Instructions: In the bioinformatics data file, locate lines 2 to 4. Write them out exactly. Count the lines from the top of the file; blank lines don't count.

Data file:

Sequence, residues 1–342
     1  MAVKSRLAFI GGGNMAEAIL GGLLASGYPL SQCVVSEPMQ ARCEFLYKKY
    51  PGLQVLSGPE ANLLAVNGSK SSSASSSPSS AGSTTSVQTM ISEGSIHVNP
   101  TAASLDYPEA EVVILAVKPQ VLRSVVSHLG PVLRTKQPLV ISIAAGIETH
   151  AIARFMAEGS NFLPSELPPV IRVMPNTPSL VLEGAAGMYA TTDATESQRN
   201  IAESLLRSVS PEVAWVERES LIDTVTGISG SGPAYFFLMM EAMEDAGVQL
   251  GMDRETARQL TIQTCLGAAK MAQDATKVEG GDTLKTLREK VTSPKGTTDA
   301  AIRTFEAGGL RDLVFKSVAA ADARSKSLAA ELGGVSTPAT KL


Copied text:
     1  MAVKSRLAFI GGGNMAEAIL GGLLASGYPL SQCVVSEPMQ ARCEFLYKKY
    51  PGLQVLSGPE ANLLAVNGSK SSSASSSPSS AGSTTSVQTM ISEGSIHVNP
   101  TAASLDYPEA EVVILAVKPQ VLRSVVSHLG PVLRTKQPLV ISIAAGIETH